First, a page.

My parents as well. I’m sure it was overwhelming for their daughter to call them after four years of college and getting student loans and going in debt for me to say, “Hey, I’m going to go do this sport that no one has heard of and go all in on that.” They were like “OK” and they signed up immediately with almost zero hesitation and they are on the computer seeing everything about me, looking at the leaderboard more than I do. My dad lets me know, “Here is what you have to do.” And I tell him, “I got it. Thanks.” And honestly everyone I have come in contact with at my CrossFit box. They give unconditional love and support. From traveling to doing watch parties, they are always cheering me on. It’s incredible that so many people invest in me.

Let’s talk about the Open. You obviously did pretty well this year, so what were your own thoughts on your own performance and results as well as overall?

I definitely can’t complain. I went in with the goal of top 20. I thought that was realistic. I didn’t think top five and winning U.S. was possible until the final week when I realized it was. That was a really nice surprise. I’m really happy with my performance and can’t complain at all. I think the Open had everything that could challenge athletes. It was awesome. I think the Open was beautifully written this year.

Tell us your thoughts about the Sanctionals that you’ve been a part of so far and how you feel it has affected the competitive state of the sport.

So I have done five of these events now. I honestly love it. I love the setup. I love how competitive it has made the sport. I think they have offered more opportunities than just the Open, Regionals, Games setup. A lot of athletes have goals of doing this for a career, as a job. There were many opportunities for branding and athletes couldn’t negotiate with sponsors and say “I have value for the entire year.” This is a year-round sport now. After the Games we have about a month and a half and then the Open starts again. Turning it into a year-round thing where athletes are constantly traveling and competing around the world. For athletes that want to do this for a full-time career, now they have a chance to do that. I think it’s great for the athletes. And now we’re finding out the Sanctionals will change and next year they are in Dublin and Egypt and all these places that athletes may not have had the chance to visit. Now they can go and compete and get paid for it. 

Word is you have been working with HowUDish. What’s going on with them and what should readers know about them?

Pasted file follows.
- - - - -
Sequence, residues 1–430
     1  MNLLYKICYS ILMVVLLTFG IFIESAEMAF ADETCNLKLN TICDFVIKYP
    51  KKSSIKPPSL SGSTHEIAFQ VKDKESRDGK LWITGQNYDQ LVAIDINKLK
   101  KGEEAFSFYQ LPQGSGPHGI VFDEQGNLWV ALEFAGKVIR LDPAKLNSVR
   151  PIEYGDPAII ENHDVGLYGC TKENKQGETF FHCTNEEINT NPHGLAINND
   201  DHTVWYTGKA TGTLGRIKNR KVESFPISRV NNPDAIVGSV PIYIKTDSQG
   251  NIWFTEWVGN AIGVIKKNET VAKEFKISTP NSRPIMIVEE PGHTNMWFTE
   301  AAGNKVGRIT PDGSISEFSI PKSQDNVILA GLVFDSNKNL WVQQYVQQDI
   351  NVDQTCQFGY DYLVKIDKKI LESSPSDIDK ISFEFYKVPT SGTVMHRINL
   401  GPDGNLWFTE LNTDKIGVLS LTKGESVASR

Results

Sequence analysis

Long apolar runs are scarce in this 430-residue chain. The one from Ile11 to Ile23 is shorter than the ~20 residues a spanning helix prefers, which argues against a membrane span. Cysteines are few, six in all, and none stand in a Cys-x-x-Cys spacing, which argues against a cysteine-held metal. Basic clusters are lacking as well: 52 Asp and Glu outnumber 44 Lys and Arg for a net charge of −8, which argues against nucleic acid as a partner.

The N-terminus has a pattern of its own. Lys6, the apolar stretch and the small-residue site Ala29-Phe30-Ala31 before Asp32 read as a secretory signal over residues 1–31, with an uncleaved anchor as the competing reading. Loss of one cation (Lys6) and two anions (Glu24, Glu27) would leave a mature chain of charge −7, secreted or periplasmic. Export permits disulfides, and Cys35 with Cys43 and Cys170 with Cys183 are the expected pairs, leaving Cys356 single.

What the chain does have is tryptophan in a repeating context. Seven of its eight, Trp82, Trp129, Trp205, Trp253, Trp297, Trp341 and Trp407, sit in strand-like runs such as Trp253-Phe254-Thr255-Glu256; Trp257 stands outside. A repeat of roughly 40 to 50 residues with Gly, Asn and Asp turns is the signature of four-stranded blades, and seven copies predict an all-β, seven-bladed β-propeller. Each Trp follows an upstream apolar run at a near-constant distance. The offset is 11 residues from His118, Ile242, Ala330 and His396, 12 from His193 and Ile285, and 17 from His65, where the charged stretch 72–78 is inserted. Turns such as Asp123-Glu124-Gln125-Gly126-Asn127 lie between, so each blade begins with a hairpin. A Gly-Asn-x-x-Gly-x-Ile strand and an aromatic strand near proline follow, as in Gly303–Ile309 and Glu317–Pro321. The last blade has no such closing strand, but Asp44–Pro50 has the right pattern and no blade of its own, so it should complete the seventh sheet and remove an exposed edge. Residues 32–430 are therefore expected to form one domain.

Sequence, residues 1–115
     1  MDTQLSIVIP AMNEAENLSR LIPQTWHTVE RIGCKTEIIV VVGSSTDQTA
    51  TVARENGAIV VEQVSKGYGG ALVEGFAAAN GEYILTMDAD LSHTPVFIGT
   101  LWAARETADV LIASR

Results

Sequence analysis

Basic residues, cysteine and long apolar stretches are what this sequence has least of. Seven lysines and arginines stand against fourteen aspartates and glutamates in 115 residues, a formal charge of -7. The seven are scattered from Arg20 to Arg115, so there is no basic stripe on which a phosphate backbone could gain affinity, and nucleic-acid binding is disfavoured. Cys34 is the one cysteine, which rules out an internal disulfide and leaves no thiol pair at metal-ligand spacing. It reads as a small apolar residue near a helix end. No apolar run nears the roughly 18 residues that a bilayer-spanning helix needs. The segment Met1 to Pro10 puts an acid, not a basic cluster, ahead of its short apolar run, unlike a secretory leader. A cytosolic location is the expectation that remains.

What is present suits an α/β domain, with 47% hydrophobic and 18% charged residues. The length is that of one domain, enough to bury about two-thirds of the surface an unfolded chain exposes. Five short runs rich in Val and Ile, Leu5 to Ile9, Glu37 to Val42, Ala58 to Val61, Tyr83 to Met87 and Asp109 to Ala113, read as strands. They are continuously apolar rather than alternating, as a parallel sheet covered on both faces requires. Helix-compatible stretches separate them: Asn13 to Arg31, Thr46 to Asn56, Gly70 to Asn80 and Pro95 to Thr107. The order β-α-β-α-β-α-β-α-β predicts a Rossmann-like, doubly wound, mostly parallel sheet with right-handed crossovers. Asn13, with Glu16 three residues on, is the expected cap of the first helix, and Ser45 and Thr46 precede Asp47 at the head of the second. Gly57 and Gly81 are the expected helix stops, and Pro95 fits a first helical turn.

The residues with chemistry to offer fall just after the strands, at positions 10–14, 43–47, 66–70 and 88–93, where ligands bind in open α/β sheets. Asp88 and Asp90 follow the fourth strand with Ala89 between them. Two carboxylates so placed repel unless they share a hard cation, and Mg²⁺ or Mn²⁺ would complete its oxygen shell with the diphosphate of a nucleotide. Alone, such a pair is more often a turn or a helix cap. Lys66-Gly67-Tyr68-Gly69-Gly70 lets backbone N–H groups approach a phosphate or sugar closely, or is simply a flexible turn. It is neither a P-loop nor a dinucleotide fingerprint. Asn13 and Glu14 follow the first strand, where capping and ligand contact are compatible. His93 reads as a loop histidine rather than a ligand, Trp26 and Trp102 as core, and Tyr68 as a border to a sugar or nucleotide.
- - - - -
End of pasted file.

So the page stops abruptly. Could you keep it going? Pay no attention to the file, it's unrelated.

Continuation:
They brought me on as their athlete influencer. I have my online nutrition business that I run. I fell in love with HowUDish because I have clients who have the typical problem of, “Hey, I do well Monday through Friday and I am clean, I hit my macros, but the weekend comes and I go to brunch and I go out with friends.” The problem was they didn’t know how to order at restaurants for their nutrition programs.

They could get salads, but they didn’t know protein or fats. HowUDish helps athletes figure out what to eat at restaurants based on what their goals are or what type of athlete they want to be. “These are things I can have.” They are on the phone and it’s as simple as that. I can follow them and see what they have eaten at that place. And I can use it to keep my goals in check. It’s easier and can be a social thing. I love that concept and my clients love it. It’s currently available for the iPhone at the App Store. I believe they are working on an Android version currently, but it’s not available yet. If you get it for the iPhone, you can sign up and join with different athletes that are on there.

How does the schedule look for you between now and the Games?

I will be at Rogue coming up in Ohio in May. I will also be a part of a team at the Granite Games along with Cody Mooney, Jessica Griffith, and Alex Smith. We’ll be there at the end of May and after that, that’s it. All eyes on the Games after that. 

Roger Lockridge is from Lewisburg, West Virginia. His work has been featured on numerous platforms and magazines in the fitness industry over the last 10 years. You can find him on Twitter and Instagram @rocklockridge.